For example, there’s the Social Link system in the game that keeps track of your interpersonal relationships and how strongly connected you are to your friends and acquaintances. This mechanic is anything but superficial – the stronger your bonds are with other characters, the more powerful Personas you can create. At the end of the game, the characters with whom you’ve made the strongest bonds call out to you and lend you their strength, allowing you to seal the end boss away for good. It’s a life-affirming message: that partaking in society can give your life more meaning – and further improve your mental fortitude – than being a recluse and shunning your fellow human.

There’s also the fact that the main antagonists of P3, the Shadows, most often prey not on the physical bodies of humans, but their minds – as mentioned before, they suck out their victims’ brains (figuratively speaking), leaving them living corpses. It’s peculiar that this would be the M.O. of the main antagonists, especially because the game refers to the victims of the Shadows as sufferers of “apathy syndrome.” At one point, Ms. Toriumi, your homeroom teacher in the game, says that the apathy syndrome is a result of a “hopeless society.” Perhaps it’s a commentary on the mental maladies that plague our modern, industrialized culture.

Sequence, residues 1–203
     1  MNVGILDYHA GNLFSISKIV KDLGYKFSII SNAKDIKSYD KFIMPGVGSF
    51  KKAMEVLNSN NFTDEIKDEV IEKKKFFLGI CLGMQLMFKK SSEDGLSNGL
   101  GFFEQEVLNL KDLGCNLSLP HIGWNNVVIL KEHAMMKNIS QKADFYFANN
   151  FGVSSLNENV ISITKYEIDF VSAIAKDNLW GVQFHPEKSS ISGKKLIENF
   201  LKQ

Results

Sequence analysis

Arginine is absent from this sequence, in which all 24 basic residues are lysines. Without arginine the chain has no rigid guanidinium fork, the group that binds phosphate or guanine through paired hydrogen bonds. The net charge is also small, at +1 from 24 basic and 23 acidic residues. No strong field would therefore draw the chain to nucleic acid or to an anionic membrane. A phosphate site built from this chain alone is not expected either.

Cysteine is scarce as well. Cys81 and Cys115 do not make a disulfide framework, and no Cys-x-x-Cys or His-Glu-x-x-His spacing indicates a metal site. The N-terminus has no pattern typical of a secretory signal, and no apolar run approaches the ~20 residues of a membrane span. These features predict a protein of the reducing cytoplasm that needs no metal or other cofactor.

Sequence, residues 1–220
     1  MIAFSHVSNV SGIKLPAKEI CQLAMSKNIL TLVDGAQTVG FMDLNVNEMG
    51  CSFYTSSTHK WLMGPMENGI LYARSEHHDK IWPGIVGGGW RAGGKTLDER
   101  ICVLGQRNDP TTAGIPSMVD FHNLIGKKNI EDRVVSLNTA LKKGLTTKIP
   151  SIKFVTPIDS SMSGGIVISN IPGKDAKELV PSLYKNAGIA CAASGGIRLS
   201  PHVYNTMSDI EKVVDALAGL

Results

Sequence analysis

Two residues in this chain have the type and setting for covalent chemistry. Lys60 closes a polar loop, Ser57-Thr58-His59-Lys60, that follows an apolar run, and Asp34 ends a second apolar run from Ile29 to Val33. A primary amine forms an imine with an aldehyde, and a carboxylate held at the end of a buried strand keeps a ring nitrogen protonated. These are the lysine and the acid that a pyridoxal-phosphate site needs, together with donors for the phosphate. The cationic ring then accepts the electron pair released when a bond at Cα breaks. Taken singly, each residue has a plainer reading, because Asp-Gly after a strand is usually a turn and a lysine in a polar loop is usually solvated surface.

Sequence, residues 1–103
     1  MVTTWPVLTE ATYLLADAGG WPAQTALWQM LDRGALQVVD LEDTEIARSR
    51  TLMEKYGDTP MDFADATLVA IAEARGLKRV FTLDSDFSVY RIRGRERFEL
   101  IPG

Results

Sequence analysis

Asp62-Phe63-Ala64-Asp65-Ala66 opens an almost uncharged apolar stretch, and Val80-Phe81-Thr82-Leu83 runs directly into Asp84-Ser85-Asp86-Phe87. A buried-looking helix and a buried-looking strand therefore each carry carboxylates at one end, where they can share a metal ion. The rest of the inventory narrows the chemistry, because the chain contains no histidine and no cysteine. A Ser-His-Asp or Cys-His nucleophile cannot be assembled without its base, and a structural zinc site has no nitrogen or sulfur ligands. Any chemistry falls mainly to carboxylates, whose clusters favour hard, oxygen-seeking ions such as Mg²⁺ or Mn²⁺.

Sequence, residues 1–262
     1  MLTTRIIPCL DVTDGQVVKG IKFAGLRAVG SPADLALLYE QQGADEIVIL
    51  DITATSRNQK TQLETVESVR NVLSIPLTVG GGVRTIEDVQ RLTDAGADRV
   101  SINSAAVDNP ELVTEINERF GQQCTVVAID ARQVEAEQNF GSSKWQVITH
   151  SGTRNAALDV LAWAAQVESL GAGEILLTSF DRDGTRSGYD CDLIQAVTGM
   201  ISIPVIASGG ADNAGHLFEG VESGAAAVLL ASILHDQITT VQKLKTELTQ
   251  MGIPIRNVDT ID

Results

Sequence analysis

Persona 3 only briefly mentions suicide itself, however. One of the game’s characters, Fuuka Yamagishi, is a victim of bullying prior to joining your party. When her tormentors lock her in the gym and she disappears soon after, one of her captors suspects that she might have committed suicide. Later, however, you discover that she has the potential to summon a Persona to fight the Shadows; when she is given an Evoker, she instinctively knows how to use it. The Evokers suggest mental defense rather than any kind of death wish. That’s not to say that suicide isn’t a central theme to P3, however; it’s just rarely mentioned outright. Nyx, the final boss, gains his power from a form of suicide – not an individual’s desire for death, but rather society’s apparent paths of self-destruction: crime, poverty, pollution and war.